UCC Researchers publish a key research paper on the consequences of oxygen deprivation in neural cells

12 May 2015
OGD-induced changes to initiation, elongation and termination - Ribosomal density at Polr2l mRNA

Researchers in UCC’s School of Biochemistry and Cell Biology have published important new research on a medically-important phenomenon - ischemia - which occurs when cells are deprived of oxygen and glucose due to a blocked blood-supply. This is commonly associated with heart attacks and strokes.

The World Health Organisation recognises ischemic heart disease and strokes as the main causes of deaths in humans and such conditions, even when non-fatal, are very costly to health systems worldwide as they can leave patients with serious disabilities such as loss of speech and mobility. Oxygen deprivation on a time-scale even of minutes triggers drastic biochemical changes within nerve and muscle cells leading to their rapid death.

The UCC study was led by Dr Pasha Baranov and Professor Dmitri Papkovsky and their research groups as well as collaborators at Lomonosov Moscow State University. Their publication shows that, in response to oxygen deprivation, cultured human cells very rapidly (within 20 minutes) change the ways in which about one fifth of the cells’ genes are expressed. These changes were largely previously unknown. Genes are made up of DNA, the molecule of inheritance, which produces “messenger” or mRNA molecules. These, in turn, are used to make proteins which carry out various roles in cells. The UCC group’s main discovery is that the processes by which some mRNAs are expressed as protein molecules respond much more rapidly to oxygen deprivation than previously thought. This is clinically relevant because early intervention during episodes of oxygen deprivation is known to prevent cell death and improve clinical outcomes. Remarkably little is known about changes in gene expression on such a short time-scale in response to oxygen deprivation.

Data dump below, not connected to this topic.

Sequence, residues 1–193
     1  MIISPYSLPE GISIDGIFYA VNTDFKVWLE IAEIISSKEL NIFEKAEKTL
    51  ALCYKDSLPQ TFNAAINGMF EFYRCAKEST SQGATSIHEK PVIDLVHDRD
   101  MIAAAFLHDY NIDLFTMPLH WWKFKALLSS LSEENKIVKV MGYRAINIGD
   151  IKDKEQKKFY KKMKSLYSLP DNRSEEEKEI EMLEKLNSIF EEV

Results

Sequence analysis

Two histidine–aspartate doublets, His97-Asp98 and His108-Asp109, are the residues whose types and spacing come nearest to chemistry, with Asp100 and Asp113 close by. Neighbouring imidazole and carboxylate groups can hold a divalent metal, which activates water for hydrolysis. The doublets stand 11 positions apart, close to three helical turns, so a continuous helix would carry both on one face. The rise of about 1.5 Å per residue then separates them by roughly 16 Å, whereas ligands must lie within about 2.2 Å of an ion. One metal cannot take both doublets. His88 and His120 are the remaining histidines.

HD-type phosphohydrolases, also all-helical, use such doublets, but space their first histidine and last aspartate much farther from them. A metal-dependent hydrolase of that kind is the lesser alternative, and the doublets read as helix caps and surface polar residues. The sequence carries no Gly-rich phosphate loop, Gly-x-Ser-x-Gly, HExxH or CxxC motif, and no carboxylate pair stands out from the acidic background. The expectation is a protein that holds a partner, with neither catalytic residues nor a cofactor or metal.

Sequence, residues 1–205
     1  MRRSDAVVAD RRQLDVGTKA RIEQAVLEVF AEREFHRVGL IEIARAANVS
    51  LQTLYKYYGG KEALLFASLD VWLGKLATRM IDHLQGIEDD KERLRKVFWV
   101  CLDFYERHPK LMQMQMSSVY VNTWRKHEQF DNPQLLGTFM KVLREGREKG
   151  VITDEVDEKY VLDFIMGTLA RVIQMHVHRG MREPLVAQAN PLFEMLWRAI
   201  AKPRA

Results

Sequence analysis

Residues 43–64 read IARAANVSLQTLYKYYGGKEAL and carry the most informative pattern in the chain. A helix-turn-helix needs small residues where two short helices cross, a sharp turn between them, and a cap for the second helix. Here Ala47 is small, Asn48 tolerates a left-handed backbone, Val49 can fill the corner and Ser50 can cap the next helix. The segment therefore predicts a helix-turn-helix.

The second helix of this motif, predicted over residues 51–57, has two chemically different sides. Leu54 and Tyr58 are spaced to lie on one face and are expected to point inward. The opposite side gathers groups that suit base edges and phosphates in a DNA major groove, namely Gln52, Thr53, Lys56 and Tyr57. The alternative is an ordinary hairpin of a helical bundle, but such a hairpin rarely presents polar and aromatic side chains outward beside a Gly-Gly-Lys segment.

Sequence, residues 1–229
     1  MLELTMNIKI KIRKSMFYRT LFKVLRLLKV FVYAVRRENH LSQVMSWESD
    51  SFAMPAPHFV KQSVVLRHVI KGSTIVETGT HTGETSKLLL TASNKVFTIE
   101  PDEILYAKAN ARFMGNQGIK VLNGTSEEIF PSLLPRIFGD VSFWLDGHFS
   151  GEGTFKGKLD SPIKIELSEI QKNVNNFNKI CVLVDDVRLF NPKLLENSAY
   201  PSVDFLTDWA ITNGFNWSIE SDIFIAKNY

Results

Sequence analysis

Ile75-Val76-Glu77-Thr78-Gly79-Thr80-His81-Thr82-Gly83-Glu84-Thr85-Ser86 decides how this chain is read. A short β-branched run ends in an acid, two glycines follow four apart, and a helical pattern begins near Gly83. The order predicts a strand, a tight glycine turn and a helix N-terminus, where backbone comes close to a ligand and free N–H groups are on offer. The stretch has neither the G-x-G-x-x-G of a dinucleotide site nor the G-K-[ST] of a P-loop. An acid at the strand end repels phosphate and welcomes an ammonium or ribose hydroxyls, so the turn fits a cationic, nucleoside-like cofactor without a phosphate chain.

This research helps to fill this knowledge-gap by revealing new detail on processes occurring almost immediately after the onset of ischemia.  The research will be presented as part of a prestigious keystone symposium Hypoxia: From Basic Mechanisms to Therapeutics at the RDS in Dublin 12-17th May. The research of Dr Baranov, Professor Papkovsky and their co-author Dr Ruslan Dmitriev is funded by Science Foundation Ireland. Their article published in the high-impact open access journal Genome Biology can be viewed at (

School of Biochemistry and Cell Biology

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